This I Believe
It is said that the average woman uses seven thousand words a day, complete with five separate tones of speech and various amounts of hand gestures, whereas men use a mere two thousand words, three tones, and not enough gestures to even begin to compare. I myself have always been infamous for using a minimum of a million words, around twenty different speech tones, and I basically do interpretive dancing when I talk. But I don’t mean to dwell on the things people do and the things people say. I believe what matters most is what’s not said.
A while back I befriended someone who had trouble speaking out and had withdrawn almost completely. I began to ponder almost constantly, “I wonder what she’s thinking,” or, “Why won’t she speak?” In a way it was just so painful for someone, in my ever so constant opinion, to be so quiet and just listen, never really having a say in anything. I most definitely could not do it. As time went on the mystery seemed to deepen and I became desperate for an answer. It finally came in the form of a poem. The title and first few lines alone had me speechless, a feat by itself; it read, “Please, Hear What I’m Not Saying”.
The next day I found myself not speaking, void of gestures, and not a pitch to be heard. I instead couldn’t keep my eyes off the surroundings, the people in particular. As I walked the halls, sat in class, observed in general, I found myself wondering, “What is it they aren’t saying?” Not only did I begin to need to know I found myself trying to feel what they felt, to somehow be able to sympathize.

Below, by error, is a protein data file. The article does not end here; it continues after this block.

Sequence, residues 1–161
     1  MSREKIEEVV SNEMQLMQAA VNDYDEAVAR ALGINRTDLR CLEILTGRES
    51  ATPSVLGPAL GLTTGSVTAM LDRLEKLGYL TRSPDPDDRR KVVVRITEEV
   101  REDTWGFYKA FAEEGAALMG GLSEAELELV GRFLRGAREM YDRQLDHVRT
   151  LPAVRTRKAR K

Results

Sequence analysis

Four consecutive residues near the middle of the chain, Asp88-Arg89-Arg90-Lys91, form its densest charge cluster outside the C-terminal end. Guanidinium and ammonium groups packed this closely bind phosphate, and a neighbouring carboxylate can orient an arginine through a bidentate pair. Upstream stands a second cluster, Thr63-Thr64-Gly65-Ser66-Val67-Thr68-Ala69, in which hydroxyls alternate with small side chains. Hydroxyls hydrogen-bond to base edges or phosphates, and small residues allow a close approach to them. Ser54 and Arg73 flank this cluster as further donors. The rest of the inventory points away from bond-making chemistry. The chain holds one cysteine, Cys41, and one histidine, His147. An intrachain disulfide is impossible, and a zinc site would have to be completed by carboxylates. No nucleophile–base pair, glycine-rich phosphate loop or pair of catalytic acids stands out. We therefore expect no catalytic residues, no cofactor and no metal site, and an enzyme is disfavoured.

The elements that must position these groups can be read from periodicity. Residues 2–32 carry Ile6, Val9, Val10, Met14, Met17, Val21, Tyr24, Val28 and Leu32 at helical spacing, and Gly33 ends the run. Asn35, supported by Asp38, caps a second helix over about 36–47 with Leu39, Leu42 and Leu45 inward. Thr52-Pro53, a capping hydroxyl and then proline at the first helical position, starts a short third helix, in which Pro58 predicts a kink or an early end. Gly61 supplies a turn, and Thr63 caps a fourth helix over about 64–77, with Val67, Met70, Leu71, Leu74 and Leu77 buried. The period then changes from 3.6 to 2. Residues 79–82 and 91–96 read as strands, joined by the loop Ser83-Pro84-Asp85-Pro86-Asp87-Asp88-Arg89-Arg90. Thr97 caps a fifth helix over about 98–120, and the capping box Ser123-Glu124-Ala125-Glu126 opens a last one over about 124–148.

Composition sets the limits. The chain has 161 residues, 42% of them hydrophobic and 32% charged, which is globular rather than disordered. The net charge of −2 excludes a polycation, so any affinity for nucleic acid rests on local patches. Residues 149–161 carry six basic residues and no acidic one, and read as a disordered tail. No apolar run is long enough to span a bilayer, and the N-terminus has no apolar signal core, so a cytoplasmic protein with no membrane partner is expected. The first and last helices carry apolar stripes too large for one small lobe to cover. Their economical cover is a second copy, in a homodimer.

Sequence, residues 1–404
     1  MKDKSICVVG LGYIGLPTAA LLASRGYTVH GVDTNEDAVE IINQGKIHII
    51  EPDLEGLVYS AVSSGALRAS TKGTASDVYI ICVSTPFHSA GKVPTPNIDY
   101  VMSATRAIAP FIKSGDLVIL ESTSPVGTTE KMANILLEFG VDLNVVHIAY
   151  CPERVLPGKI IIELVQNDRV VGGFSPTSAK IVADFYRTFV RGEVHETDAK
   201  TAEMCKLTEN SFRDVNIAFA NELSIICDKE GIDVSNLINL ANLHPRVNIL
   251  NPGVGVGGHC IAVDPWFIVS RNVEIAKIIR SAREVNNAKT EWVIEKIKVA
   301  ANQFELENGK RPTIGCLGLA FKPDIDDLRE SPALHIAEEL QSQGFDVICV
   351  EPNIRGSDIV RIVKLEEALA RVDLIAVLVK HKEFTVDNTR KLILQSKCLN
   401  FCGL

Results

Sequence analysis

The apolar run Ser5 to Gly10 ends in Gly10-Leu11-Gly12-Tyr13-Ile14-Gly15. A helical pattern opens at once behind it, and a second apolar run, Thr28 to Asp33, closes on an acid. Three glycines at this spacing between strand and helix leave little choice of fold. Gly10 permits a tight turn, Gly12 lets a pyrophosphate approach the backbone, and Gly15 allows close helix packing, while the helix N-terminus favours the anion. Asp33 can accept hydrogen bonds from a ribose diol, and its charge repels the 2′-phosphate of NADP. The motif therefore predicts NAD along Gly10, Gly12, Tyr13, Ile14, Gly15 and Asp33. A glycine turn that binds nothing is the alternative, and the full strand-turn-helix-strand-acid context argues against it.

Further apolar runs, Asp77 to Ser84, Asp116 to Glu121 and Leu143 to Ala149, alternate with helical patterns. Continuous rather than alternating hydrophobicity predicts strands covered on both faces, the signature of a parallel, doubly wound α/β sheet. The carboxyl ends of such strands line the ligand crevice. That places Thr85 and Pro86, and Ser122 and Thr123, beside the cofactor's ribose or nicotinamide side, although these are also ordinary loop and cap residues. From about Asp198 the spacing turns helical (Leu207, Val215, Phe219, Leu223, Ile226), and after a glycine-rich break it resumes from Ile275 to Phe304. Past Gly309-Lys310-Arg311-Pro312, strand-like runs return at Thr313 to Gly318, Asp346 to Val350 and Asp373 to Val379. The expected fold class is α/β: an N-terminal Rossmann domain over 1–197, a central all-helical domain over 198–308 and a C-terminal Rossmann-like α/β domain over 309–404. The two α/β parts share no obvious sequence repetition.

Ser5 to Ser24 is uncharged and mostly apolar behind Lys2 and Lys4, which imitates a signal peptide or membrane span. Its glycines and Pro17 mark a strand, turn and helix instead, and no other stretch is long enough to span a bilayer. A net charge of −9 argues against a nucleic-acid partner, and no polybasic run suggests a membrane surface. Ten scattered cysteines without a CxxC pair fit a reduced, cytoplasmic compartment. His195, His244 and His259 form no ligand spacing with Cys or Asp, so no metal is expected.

Needless to say my views, opinions, thoughts, they couldn’t process the same anymore without trying to hear the meanings underneath. I have learned to in turn try to listen to those I really care about, and hear not only their words but the layers that lace them. To this day I continue to stop, stare, wonder what the people around me really want to share with the world. I’ve realized that what isn’t said makes the biggest impact. Next time there’s a moment to spare to time, pause and think; is it your friend who wrote the poem? Just listen and you might find out.
“Don’t be fooled by me.
Don’t be fooled by the face I wear,
for I wear a mask; a thousand masks,
masks that I’m afraid to take off,
and none of them is me…”
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